KB: I think of the emergence of the Native artists as indicative of a cultural renaissance.  It stemmed from a number of forces, not the least of which was the consciousness-raising era of the late 60’s. And it was certainly accelerated by the activities of the American Indian Movement in the 1970s with its political militancy that forced Natives and non-Natives alike to identify with or reject its agenda. The height of such a challenge to addressing both plight and demand was crystalized by the 71-day Wounded Knee takeover in 1973 after Lakota elders contacted AIM for assistance in dealing with corruption within the Bureau of Indian Affairs and the tribal council. After battling with Federal Officers, what followed became one of the longest trials in U.S. history.  The spirit of resistance and cultural rediscovery began to be seen, not without internal controversy, spreading throughout American indigenous communities, particularly among the Ojibwe. Minnesota is and has been a ground zero for native political action and cultural rebirth.

As a cultural movement, it encompasses dedicated attempts to encourage and support the flowering of Native language(s) and literature, a respect for the oral traditions, and a strong sense that history must be told by indigenous sources that can better represent the story of the Native experience, and not least of which is an emphasis on educational reform.  Literature and art have become strategic devices in the path to reforming identity.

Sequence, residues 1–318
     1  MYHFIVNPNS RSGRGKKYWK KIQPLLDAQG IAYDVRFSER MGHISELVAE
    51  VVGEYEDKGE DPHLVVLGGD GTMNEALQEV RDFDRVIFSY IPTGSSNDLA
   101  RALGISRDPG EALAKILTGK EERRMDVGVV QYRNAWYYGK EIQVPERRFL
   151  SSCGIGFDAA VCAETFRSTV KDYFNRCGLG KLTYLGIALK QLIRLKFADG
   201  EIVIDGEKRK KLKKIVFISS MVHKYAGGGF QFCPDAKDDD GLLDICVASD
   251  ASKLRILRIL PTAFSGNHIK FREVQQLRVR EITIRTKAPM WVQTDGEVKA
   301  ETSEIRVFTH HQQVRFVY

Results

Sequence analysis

To recognize the rebirth of a cultural movement is to recognize a profoundly different perspective on the history and past behavior of our country. To accept and engage with indigenous voices requires a complete rethinking of the intellectual and social life of the cultural mainstream by introducing perspectives on human relation to nature, social policy, industrialization, respect for elders, the allegories and stories of the origin of species, and the vast toll taken upon the Indian nations by American expansion and religious persecution.  

EN: So, why is it important for American Indian arts and culture to be recognized for its contributions and its perspective?

KB: Because we all have plenty to learn, to remember, to forgive and to be thankful for. Our state and nation’s Native artists, writers and scholars are sharing their rich well of knowledge, humanity and vision in the best interests of all of us.

Credits

Ed Newman

Director of advertising at AMSOIL, Inc. in Superior. Newman is also an artist, a musician and author of four books. He has been interviewing interesting people for over 25 years.